Tips on fitting inner tube (road bike) without busting new tube
Got a puncture on my way home from work on Friday. Fitted new tube and realised my pump was missing an important bit. Walked home – 5 miles. This morning got a puncture on way to work. Fitted new tube but holed it during the fitting process. Got a lift home. Rims currently being fitted with Schwalbe Marathon +. For future reference, how do I fit a tube without busting it? Those little tyres are damn tight. TiAPosted 6 years ago100mphplusMember
I used to have the same problem and sorted it out by purchasing a VAR tyre lever;-Posted 6 years ago
put one side on, put in tube and gently inflate so it pushing against the tyre and not sitting on the rim. Put on other side carefully checking you’re not nipping the tube.
Don’t use levers which is easier if you have folding tyres.
Practice at home if you struggle as it’s better to waste a few tubes in the garage than face a long walk home.Posted 6 years agomark a.Member
Folding tyres work for me as they are much easier to get them over the rim without tyre levers. My previous Conti Gatorskins were evil on my rims. Once everything is back together I double check that I haven’t pinched the tube before inflating.
Schwalbe M+ are meant to be one of the worst for getting on to the rim. You should never get a puncture, but if you do there’s a good chance of needing lots of swearing to get them back on again.
Spa Cycles have an excellent video near the bottom of their home page on how to get M+ (and other horrible tyres) back on without levers:Posted 6 years agoTiRedMember
with decent technique you shouldn’t need tyre levers getting most tyres either on or off.
True, but there are plenty of road tyres that are pretty much impossible to remove. No air in the new tube and careful technique involving moving the bead to the centre of the rim to ease the last segment over the lip pf the rim has never defeated me.
Oh and don’t go mad with the pumping action as you can puncture at the valve stem if over-zealous.Posted 6 years agoglenpMember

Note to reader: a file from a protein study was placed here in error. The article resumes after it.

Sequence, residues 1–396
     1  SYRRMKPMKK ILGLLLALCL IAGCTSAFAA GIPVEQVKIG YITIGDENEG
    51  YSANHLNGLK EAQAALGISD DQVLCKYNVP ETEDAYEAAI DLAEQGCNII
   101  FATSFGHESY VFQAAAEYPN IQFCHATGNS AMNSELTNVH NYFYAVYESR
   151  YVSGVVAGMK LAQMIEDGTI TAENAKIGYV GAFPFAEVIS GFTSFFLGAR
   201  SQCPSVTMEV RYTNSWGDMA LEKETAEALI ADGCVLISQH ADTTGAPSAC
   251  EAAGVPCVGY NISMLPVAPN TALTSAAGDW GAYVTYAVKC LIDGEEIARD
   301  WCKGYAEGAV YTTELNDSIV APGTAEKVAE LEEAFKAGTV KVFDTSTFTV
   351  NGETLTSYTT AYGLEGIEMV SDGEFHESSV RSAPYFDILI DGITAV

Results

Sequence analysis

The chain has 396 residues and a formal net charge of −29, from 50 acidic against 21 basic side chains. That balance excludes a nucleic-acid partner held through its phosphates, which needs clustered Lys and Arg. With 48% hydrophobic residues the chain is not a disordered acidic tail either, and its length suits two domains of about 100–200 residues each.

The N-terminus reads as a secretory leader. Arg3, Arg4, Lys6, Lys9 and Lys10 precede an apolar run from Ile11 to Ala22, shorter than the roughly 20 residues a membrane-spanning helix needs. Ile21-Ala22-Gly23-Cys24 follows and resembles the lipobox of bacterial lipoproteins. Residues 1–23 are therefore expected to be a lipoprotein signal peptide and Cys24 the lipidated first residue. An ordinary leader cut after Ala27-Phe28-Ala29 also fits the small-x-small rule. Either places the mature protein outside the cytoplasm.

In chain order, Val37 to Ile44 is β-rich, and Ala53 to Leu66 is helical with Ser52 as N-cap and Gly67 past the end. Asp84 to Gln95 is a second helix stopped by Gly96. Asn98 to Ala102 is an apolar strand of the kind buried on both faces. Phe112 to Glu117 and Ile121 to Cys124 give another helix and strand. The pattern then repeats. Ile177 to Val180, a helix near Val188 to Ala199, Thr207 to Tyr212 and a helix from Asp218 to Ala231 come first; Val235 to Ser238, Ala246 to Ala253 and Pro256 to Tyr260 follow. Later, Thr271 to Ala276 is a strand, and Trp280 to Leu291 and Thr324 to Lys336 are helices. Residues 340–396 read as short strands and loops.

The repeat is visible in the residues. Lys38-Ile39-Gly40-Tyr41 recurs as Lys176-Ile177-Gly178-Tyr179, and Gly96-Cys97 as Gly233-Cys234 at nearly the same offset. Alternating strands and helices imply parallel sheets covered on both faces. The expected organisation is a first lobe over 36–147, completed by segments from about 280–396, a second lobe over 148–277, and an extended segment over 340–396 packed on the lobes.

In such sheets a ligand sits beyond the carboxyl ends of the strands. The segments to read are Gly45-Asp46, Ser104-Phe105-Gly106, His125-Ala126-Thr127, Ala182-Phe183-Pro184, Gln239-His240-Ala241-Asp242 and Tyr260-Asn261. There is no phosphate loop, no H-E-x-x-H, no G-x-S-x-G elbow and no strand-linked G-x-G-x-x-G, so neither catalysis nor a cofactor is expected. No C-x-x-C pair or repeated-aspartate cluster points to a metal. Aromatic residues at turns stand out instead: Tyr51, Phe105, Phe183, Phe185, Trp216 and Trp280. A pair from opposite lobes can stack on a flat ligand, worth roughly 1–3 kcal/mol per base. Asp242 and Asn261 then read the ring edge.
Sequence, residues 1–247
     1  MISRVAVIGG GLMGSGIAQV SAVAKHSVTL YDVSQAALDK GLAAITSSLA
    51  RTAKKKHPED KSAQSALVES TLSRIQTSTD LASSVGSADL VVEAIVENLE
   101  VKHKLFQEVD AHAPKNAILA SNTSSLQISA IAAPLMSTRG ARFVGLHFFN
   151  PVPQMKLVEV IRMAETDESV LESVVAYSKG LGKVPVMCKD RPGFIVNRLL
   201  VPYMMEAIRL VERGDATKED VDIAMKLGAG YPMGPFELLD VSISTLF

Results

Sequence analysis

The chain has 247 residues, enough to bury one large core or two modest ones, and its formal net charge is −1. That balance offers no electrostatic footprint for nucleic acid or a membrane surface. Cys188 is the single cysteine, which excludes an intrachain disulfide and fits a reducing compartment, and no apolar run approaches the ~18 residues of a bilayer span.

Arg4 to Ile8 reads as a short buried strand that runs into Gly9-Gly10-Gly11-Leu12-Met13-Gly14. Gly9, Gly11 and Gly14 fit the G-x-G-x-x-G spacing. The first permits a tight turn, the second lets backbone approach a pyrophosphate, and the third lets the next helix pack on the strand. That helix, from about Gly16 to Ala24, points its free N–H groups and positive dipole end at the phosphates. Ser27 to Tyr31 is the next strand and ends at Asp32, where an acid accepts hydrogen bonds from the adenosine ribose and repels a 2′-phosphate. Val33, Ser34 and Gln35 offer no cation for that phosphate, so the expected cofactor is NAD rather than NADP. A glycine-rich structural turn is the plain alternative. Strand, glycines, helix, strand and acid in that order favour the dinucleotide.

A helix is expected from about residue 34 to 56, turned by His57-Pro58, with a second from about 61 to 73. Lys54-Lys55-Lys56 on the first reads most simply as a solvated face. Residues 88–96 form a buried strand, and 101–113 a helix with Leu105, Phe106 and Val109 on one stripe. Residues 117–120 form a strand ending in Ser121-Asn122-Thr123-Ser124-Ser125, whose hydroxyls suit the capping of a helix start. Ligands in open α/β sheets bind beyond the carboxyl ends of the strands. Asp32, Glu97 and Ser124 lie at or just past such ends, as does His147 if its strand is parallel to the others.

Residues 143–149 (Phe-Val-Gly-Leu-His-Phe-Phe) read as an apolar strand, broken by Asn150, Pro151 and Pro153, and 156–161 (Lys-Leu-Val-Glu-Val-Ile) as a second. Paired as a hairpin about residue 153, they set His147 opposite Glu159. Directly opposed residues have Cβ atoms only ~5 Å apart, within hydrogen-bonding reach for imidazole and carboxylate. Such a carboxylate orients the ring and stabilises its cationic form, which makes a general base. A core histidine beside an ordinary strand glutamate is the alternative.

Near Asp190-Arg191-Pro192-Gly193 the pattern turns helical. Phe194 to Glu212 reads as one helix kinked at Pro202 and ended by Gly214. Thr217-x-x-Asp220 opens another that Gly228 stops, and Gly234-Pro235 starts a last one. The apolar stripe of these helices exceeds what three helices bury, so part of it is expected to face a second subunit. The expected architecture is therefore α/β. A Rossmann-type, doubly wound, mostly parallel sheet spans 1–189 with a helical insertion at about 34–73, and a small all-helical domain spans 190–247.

A little bit of air in the new tube – just enough to make it “round” and go up inside the tyre, rather than any getting under the bead.
No tyre levers to put tyre back on. Get the bit of the bead that you fit first (start at the valve) right down into the well of the rim – keep pushing it down all the way round and then go for it with fingers or thumbs to get the last bit of bead on.
Double-check that the tube is fully in the tyre and not snagged under the bead before you inflate.Posted 6 years agoMacavityMember
A pair of gloves (rubber palm work gloves) can help in grappling with a tyre, plus they keep your hands clean.
There are tyre fitting soaps available.
Schwalbe sayPosted 6 years ago
“Why is it sometimes so difficult to
fit a tire?
Fitting difficulties often arise when the diameters of the
rim and the tire do not match perfectly.
Rims can have a diameter tolerance of ± 0.5 mm. In addition,
each rim flange height can also have a tolerance of
± 0.5 mm. These figures add up to a total diameter tolerance
of ± 1.5 mm, or 4.7 mm over the circumference. This
corresponds to a maximum possible circumferential difference
of 9.4 mm between the largest and the smallest
A tire has to fit on both extremes, so because a safe fit
has to be ensured even on the smallest permissible rim
diameter, the proper centering of the tire on the largest
permissible rim can prove quite difficult.
The circumferential tolerance of SCHWALBE tires is
± 1 mm.”
Schwalbe Technical Information
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